Children ages 4 to 17 and their parents worked together on technology-related projects during Bring Your Daughter to Hack Day, held recently at the University of New Orleans.
New Orleans Women in Technology organized the event for the second year. Sponsorship by 365 Connect, UNO and GE Capital made the event free for about 75 children who attended.
Boys were welcome at the event, but its specific purpose was to encourage girls to engage with technology at a young age.
The kids and parents worked on one of four projects, targeted to different age groups, in which they dealt with fundamental concepts in engineering, coding and video production. About a dozen coaches from the New Orleans tech community were on hand to help.
For children ages 4-8, the workshop was Thinkarella’s STEM Laboratory. Thinkarella provides hands-on experiments to inspire the next generation of makers, builders, shapers, doers and inventors. Cherie Melancon Franz, of New Orleans, created the program, which expanded to Mandeville this year.
Like the other teachers at Bring Your Daughter to Hack Day, the teachers from Thinkarella donated their time, helping the younger children with activities including creating stars that twinkled with battery power and vibrating noise machines based on plastic cups. For children ages 8-12, the project was the Electric Girls Work Bench, in which they explored the basics of electronic engineering, learned to use a soldering iron and experimented with circuit boards. They used a conductive dough to complete electrical circuits and light a bulb and used the vibration devices from cellphones to make small robots move.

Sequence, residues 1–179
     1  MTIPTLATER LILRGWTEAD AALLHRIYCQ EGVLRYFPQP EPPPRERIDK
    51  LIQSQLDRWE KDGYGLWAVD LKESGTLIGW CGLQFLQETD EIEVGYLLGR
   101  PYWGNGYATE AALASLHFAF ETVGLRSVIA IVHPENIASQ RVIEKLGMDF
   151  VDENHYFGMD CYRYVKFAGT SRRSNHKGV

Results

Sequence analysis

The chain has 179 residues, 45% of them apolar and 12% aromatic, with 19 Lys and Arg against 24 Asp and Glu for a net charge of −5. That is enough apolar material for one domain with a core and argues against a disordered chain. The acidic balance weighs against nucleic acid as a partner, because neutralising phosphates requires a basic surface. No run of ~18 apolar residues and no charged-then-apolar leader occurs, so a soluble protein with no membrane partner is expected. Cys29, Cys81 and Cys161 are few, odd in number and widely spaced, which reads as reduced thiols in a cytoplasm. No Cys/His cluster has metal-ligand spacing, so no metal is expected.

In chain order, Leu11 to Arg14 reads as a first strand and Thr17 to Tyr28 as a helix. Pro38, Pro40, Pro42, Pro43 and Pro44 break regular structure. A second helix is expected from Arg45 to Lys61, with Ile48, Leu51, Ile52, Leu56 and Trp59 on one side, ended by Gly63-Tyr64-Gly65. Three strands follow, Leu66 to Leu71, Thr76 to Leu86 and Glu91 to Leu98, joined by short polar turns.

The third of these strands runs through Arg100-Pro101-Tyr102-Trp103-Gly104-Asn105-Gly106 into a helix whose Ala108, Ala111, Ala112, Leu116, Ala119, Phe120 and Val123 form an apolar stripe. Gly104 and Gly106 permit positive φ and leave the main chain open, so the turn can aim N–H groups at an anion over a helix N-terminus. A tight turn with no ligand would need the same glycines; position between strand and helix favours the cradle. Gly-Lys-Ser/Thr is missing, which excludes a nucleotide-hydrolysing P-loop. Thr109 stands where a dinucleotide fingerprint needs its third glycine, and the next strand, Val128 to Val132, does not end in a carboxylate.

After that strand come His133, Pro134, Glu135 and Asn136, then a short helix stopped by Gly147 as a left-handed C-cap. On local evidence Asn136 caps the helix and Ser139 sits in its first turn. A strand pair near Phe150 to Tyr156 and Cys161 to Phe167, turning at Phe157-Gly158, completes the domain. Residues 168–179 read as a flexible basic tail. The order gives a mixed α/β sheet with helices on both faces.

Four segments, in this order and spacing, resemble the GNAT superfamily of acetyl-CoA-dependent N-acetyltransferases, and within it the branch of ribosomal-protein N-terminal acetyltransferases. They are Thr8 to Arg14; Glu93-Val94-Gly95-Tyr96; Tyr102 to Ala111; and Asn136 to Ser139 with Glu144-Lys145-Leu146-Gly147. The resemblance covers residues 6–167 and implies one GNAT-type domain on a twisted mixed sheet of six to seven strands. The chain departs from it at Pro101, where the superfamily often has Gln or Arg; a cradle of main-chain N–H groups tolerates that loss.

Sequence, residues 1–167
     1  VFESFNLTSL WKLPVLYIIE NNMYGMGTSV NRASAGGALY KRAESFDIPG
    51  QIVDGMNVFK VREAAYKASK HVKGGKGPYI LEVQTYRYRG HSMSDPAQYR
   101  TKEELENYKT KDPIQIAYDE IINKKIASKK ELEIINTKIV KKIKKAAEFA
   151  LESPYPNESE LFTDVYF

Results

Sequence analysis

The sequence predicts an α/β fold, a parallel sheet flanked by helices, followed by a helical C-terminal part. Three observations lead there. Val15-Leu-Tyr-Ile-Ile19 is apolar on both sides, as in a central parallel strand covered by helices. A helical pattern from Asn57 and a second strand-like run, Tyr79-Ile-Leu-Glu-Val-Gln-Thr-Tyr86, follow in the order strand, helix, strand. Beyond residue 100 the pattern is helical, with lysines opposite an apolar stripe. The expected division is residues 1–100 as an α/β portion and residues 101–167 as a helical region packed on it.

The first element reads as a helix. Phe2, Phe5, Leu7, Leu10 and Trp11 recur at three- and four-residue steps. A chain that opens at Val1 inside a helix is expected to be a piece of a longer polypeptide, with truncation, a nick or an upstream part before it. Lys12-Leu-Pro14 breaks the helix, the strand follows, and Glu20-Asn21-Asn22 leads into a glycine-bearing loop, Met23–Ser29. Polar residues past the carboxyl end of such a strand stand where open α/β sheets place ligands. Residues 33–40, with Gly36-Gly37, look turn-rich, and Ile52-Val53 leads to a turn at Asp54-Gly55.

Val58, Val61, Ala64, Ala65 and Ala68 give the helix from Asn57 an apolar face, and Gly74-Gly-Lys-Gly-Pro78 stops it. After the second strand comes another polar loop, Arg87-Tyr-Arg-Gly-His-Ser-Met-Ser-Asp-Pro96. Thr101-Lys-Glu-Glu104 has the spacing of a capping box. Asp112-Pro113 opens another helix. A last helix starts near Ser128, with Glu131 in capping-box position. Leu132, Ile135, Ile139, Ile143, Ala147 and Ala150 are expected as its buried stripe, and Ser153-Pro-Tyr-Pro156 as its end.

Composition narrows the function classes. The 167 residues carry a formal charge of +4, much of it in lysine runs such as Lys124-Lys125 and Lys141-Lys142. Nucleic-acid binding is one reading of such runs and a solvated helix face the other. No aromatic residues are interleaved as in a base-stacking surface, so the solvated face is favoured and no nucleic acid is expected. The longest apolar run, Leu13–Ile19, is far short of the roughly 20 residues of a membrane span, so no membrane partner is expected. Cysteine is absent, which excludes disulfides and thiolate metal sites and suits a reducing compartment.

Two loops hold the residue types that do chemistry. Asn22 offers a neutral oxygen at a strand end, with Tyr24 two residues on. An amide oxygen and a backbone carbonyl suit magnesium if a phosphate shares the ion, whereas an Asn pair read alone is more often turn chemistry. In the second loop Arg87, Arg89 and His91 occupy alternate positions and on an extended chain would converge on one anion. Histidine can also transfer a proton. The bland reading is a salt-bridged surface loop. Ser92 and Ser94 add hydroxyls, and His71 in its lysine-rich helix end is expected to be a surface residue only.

Electric Girls is a project of Flor Serna, who started it in 2014 in response to her experience as an audio engineer in a male-dominated field. Electric Girls meets Saturday mornings in the Idea Lab at St. Martin’s Episcopal School in Metairie. The cost is $600 for a 12-week session; scholarships are available.
Children ages 11 and up had a choice of participating in the Elephant Quilt Video Studio or the Website Factory with Tech Talent South.
New Orleans-based filmmaker Ben Samuels guided participants in the Elephant Quilt Video Studio as each one used stock video and music clips to create a 30-second commercial about either technology or New Orleans. They learned the basics of timeline creation, sound editing and captioning using free video editing software.
Website Factory participants had assistance from Sia Karamalegos, of Tech Talent South, as they used a basic text editor and browser to built websites on topics of their choice, which ranged from the earthbound (high-heeled shoes) to the intergalactic (nebulas).
The day ended with a project showcase.
Volunteers and coaches for Bring Your Daughters to Hack Day were as follows:
Sarah Lohmeier, Becca Roth, Cassie Wang, Jocelyn Horner, Lila Mohamed, Ana Muñoz, Dom Saulet, Cindy Chang, Chloe Frank, Mykia Smith, Chris Huddleston, Lindsey Dale, Brittany Roberts, Andrea Foglesong, Lindsey Foster, Ambyr-Shae Jarrell, Ave Maria Bordenave, Jill Edwards, Susie Diaz, Ny-Kaira Gray, Cristian Franco, Cynthiya Shrestha and Yessica Ruiz Carrasco.